Education Technology

Developing IT Governance and Portfolio Management Processes to Govern Projects


  • Kelly Block, AVP for Administrative IT Services, University of Illinois Central Administration
  • Michael Hites, CIO, Southern Methodist University
  • Sarah Sage, IT Project Manager, Southern Methodist University
  • Cynthia Cobb, Director, Portfolio and Process Management, University of Illinois at Urbana-Champaign
  • Teena Newman, Director of PMO, Southern Methodist University

Nice packet of supplemental information was provided for participants of this workshop.

IT Planning in Higher Education: pretty new to campuses. We have some catching up to do compared to our peers.

Strategy sets a destination, governance provides a route.

  • Allocation: who, why, how
  • Defines: processes, components, structures, participants
  • …for making decisions regarding the use of IT

ITG is useful for creation of scorecards; mandatory versus customer-requested project hours (shows technical debt and staffing levels); on-time performance (on budget/off budget); opportunities for vertical and horizontal collaboration and communication encourages better decisions and improves relationships; transparency.

Positive Factors for ITG Effectiveness

  • Active design of ITG
  • Ability of ITG participants to describe ITG accurately
  • Frequency of participation, providing input, etc.

Governance, Portfolio and Project Management

Group discussion on participant’s challenges and successes with IT Governance and PPM

  1. What works well?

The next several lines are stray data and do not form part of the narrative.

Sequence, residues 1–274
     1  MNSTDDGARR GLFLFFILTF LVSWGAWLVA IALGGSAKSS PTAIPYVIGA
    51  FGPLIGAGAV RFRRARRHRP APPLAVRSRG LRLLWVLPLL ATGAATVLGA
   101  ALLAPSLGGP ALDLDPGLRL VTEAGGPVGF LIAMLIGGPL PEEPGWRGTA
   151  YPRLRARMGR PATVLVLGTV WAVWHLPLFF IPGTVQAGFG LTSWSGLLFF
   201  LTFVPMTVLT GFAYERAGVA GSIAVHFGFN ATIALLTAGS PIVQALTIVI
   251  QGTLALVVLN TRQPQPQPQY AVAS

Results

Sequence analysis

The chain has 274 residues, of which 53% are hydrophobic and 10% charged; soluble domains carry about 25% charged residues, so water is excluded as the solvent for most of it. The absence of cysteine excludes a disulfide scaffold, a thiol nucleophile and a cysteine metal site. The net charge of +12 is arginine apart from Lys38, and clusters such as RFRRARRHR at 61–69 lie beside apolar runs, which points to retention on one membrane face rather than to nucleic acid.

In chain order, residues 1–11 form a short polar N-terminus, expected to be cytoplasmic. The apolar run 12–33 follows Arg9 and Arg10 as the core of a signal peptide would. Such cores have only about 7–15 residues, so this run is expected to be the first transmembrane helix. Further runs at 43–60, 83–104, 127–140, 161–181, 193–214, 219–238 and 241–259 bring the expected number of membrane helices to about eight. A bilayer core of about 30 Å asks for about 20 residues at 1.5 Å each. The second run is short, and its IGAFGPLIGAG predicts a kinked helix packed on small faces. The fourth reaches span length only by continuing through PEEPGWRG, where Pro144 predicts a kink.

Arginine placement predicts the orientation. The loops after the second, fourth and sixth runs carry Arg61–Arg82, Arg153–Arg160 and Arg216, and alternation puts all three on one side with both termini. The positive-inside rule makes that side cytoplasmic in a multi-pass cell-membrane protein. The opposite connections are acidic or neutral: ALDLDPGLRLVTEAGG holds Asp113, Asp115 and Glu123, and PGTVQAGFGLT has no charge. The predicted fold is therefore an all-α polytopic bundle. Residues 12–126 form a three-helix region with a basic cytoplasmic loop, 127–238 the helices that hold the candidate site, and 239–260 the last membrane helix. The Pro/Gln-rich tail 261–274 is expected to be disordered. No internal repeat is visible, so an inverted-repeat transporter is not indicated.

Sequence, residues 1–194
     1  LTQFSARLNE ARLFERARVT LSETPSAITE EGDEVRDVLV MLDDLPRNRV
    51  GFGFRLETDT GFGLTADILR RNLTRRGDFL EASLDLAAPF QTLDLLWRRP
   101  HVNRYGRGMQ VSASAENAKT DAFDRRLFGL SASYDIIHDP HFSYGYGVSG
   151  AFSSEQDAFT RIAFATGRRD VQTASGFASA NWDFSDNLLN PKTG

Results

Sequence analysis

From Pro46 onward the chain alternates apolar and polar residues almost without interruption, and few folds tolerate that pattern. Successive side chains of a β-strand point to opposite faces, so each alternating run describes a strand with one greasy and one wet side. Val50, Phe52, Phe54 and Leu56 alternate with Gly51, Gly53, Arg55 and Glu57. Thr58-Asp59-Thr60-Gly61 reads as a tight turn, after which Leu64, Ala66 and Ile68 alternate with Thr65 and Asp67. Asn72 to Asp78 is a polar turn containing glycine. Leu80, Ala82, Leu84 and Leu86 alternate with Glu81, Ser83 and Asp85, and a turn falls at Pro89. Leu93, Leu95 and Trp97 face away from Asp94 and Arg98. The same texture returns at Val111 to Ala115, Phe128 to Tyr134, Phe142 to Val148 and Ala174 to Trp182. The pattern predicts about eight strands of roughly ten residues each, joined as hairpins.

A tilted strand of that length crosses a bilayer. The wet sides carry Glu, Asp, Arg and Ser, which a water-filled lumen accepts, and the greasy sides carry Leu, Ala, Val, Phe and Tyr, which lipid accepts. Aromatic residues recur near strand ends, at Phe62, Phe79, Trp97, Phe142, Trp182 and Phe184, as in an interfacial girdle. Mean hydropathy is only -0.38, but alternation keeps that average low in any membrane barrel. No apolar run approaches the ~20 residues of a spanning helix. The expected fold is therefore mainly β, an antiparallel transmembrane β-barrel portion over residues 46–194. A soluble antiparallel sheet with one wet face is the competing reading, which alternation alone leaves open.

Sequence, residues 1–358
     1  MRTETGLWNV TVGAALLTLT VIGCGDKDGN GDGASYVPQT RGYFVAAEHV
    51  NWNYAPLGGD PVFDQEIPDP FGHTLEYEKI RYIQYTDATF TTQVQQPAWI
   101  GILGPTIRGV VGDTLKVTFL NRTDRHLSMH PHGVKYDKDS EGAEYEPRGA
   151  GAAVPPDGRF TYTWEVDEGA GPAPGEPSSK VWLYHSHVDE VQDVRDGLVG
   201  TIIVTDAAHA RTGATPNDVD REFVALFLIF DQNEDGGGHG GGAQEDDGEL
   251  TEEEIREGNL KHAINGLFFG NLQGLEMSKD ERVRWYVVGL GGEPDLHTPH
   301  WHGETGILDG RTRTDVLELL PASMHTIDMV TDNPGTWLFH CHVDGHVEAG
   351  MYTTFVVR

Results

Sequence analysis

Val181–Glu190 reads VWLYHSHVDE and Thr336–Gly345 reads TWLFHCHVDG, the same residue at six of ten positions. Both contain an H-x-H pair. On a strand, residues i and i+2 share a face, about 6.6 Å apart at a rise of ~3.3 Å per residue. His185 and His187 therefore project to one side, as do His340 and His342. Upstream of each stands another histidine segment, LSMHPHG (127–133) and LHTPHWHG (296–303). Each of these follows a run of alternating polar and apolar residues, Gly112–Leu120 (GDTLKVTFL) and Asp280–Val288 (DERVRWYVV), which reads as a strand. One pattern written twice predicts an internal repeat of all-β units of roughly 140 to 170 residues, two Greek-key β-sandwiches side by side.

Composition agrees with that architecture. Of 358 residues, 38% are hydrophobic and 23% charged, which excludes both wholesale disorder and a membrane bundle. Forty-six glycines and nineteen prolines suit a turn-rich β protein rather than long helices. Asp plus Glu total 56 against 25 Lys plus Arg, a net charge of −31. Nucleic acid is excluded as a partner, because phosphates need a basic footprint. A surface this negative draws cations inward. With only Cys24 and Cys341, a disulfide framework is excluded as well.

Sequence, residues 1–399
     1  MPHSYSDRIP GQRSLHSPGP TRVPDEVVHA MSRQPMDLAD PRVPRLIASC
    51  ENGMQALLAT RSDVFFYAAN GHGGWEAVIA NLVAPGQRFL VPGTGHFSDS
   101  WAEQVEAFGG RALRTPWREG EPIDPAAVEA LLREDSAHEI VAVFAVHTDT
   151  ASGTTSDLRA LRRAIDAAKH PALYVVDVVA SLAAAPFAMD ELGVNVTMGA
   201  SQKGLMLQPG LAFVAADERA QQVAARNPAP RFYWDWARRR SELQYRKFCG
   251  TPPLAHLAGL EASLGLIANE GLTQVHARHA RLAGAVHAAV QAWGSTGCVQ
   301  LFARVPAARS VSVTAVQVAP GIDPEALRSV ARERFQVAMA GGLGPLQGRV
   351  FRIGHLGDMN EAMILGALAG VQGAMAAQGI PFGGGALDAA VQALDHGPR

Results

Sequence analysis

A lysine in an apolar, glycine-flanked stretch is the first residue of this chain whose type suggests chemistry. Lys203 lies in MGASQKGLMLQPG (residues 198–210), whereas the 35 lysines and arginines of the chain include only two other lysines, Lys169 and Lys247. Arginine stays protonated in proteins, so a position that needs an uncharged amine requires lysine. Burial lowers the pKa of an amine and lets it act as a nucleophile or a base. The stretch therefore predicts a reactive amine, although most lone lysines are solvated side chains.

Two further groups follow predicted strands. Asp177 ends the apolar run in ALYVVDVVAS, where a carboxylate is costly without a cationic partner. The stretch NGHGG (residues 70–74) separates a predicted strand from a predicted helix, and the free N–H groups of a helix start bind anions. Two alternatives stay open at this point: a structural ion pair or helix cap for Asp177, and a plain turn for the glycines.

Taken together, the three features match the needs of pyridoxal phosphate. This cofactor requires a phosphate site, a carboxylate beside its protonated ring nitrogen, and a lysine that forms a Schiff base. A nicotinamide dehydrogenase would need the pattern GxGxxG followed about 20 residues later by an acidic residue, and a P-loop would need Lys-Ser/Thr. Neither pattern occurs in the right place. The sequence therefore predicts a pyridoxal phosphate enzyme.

2. What are areas for improvement?
  3. How would you like to see things change?

What works well?

  • Transparency: post minutes to LMS
  • Make sure it’s customer-focused
  • Communication: “roadshow” describing why governance process is useful and necessary.

What are areas for improvement?

  • Informative versus action-oriented
  • Accountability
  • Improving metrics: urgency (mandated versus anecdotal need) and measurement of actual impact
  • “Whole institution mindset”
  • Managing sheer volume of projects & resources

A repeatable, rational process to collect ideas, select initiatives, prioritize among them.

ITG Components

  • Purpose & Scope: what needs to be governed? Topics, functions, summary topics; units & colleges; strategy/operations/service levels, performance measurement. Definitions will add clarity to the process! Identify the subject material.
  • Participants: determine who should advise versus who should make decisions; consider existing groups/positions/functions. If things are run through a transparent process, then they’re easily defensible. Determine specific roles (advisory/decision-making, group sponsors, chairs/leads/owners, governance office/portfolio management). Key element is how the structure connects everyone and connects to other decision making processes. Over time, it’s important to identify/review/repurpose/dissolve committees.
  • Decision-making: set specific decision points; set policy & standards; project selection & prioritization; resource allocation (resources have to be connected to decision points, incentives for participation). Has access to resource pools. Funding model components for consideration: base funding for enterprise/campus services; project funding for one-time initiatives; ancillary funding for college/department level services; fee for service (use-based chargeback). Need clear review and decision points for projects. Define a process for exceptions. Projects that are 10%+/- on their estimates go through a exception/review process. Have a mechanism to limit our work-in-progress. Review every few years.